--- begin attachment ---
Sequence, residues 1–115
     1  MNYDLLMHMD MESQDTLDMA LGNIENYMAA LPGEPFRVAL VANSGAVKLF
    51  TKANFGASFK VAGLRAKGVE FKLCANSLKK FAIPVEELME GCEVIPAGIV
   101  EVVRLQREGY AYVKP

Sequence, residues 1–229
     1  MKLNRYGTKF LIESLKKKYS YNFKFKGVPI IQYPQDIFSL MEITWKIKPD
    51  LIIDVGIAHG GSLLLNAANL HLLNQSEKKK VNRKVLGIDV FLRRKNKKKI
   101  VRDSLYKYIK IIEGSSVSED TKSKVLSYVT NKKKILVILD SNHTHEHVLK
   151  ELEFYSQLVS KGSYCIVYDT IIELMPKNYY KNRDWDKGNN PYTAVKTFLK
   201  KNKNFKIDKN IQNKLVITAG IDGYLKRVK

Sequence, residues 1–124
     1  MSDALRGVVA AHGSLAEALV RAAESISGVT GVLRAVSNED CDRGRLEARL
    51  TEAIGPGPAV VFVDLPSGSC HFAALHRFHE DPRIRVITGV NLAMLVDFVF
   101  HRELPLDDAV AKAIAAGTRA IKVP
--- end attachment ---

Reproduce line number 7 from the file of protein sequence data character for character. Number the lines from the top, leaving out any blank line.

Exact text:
    51  LIIDVGIAHG GSLLLNAANL HLLNQSEKKK VNRKVLGIDV FLRRKNKKKI